Simple question: premarket trading and gaps

Discussion in 'Trading' started by macrotrader, May 30, 2012.

  1. How good is the indication of premarket trading for the actual open on the S&P500? Does anyone have a link / study on this? Thanks.
  2. I don`t understand the question.

    Define pre-market trading?
  3. If the S&P500 future is down 1% at 9:29 ET, how will the S&P open (adjusting for the disparity between future and cash)? In other words how good of an indication is the pre-market trade and how much of an effect does the first minute of trading have?
  4. lwlee


    What are you hoping to accomplish? Reversion to yesterday's close?

    As you can see by today's action, futures trended lower pre-market and continued lower so it was a good indicator of the general movement for the day. Other days, it might not be the case.

    Practically speaking, the low volume pre-market is a sign of some earlier bets made by traders taking the initiative but the real volume after the open can be completely opposite.
  5. I don`t think you will find any published studies on this, but since you have the questions yourself, you should be able to find the answers on your own as well, which is always better.

    If the market is down 1% at 9:29, we have a gap down open and a gap down open usually means something, just like a flat open means something.

    But you need more input as well, including prior days trading, etc. I definitely find the pre-market and overnight high and low important to guide my trading of the ES contract.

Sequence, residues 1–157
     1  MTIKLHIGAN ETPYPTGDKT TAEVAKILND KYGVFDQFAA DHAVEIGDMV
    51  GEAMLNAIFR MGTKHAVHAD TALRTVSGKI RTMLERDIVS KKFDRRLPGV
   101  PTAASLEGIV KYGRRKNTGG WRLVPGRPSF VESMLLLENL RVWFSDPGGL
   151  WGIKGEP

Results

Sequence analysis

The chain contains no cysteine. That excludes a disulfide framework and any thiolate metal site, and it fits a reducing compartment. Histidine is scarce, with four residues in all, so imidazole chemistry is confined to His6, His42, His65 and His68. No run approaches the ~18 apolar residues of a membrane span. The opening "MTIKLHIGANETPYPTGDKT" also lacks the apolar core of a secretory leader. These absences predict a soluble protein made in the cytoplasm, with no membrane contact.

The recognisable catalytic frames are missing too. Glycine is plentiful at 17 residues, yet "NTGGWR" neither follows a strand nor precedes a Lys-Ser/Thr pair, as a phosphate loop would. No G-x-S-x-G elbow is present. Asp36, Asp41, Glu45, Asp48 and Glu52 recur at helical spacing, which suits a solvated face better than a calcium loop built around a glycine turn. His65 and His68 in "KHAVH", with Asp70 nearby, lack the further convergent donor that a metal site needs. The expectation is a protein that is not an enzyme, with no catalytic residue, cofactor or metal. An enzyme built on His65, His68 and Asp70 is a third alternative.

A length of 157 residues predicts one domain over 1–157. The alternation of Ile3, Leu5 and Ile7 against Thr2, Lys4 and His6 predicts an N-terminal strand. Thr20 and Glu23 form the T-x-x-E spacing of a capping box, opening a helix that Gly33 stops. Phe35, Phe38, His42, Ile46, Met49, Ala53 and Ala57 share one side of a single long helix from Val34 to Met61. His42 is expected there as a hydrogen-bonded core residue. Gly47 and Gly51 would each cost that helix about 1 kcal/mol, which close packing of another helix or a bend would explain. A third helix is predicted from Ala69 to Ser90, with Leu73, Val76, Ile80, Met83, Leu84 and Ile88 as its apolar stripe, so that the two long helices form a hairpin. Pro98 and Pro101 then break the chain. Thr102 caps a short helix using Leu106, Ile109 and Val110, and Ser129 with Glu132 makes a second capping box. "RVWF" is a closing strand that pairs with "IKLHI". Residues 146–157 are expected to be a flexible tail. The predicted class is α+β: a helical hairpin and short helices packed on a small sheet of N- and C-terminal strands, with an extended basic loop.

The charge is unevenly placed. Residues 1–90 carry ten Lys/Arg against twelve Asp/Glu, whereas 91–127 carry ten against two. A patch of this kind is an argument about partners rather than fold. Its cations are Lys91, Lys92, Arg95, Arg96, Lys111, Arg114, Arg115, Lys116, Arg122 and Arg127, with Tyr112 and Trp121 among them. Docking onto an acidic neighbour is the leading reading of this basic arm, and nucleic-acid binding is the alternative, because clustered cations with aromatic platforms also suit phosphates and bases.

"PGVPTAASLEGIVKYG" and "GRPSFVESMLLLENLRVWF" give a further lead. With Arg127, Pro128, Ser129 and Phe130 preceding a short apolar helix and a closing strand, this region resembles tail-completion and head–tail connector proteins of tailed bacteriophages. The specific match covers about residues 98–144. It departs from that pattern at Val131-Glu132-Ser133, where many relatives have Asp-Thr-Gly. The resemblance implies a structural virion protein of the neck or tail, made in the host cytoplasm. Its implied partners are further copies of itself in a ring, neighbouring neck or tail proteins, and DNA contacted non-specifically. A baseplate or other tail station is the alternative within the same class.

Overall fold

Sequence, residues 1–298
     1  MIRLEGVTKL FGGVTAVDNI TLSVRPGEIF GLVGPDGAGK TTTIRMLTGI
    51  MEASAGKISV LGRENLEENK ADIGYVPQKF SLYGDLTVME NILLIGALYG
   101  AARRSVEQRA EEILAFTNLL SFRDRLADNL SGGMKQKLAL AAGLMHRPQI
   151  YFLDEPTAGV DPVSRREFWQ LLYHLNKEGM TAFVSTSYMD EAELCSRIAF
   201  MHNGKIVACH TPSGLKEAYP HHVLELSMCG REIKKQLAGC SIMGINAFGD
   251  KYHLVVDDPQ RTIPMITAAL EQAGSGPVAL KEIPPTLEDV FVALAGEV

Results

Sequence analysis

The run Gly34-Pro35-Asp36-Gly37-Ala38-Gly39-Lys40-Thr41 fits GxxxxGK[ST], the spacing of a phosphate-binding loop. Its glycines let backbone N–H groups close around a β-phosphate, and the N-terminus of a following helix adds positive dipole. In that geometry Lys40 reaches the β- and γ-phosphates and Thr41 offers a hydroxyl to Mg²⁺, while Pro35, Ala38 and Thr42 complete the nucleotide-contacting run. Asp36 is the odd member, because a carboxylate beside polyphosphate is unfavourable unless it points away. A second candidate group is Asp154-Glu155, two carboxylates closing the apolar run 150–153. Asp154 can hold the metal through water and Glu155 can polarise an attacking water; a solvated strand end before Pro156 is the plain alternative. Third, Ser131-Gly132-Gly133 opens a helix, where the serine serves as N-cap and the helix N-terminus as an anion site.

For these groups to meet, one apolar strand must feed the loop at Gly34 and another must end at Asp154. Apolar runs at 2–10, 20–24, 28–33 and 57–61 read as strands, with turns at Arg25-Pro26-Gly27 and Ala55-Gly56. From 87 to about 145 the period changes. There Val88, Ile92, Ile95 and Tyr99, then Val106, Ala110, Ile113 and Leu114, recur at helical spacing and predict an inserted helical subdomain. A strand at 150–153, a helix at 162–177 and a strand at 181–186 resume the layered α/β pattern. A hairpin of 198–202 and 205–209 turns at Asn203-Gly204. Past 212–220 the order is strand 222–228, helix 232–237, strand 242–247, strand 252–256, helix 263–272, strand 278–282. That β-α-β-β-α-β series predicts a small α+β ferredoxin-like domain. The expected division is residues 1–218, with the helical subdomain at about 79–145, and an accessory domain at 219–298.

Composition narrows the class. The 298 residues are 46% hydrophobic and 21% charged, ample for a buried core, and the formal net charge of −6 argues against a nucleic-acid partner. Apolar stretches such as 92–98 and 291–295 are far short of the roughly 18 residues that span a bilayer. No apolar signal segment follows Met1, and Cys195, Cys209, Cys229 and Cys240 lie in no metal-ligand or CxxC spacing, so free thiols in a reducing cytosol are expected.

A trend in the pre-market does not necessarily continue in the cash session though, so I don`t look into that as much, unless when I find that it is worth looking into. :)
  6. lwlee


    I agree. I believe that you are a better trader for understanding the daily ranges especially for the indices.

    One thing I will add, there is so much premarket action nowadays whether in Asia or Europe, that it's quite common for the US markets to open off the prior day's close. I think gap plays are more significant if they are lower the prior days' low or higher than the prior days' high. Those gaps are much more tradeable.
  7. I took the liberty of dividing this answer into 5 parts instead of 4. Each of these sections is hitting the nail on the head and opens up a world of study.

    The only thing I would add is that you will get more information if you look at the whole overnight trading as well as pre-market.
  8. Handle123


    Pre=market for me is just one piece of the puzzle as there are many other pieces I look at before market opens. Trendlines on the dailies, 60 minute charts, divergences on higher timeframes, ema trend on yesterday's day session in relationship to 24-hour trend, and what the Notes are doing. So just going only by the Gap is no longer a good idea to trade off where pre-home computer it was. It might offer better plays in the options as I would think of high premuims to sell, but I no longer see it in ES.
  9. I do consider the pre-market as the whole overnight session.

    Another thing with regards to gaps is that not all gaps are equal. For instance, a gap open outside yesterday`s range usually means something else than a gap open inside yesterday`s range.

    Size matters. :p
  10. For Stocks, it may be relevant to look at the first 1-minute bar of the pre-market trading session and compare that to the first 1-minute bar of open trading hours. Scale with volume and you might get some data. The reason is that these are the on-market-open algos that usually trade momentum or reversion. A smaller number of them will be active at pre-market hours. If there is no volume spike it means they are mostly holding onto the same position as yesterday. It's not as simple though, you'll still need some statistics and do work on your own, but that's one broad idea I gave you.
    #10     May 30, 2012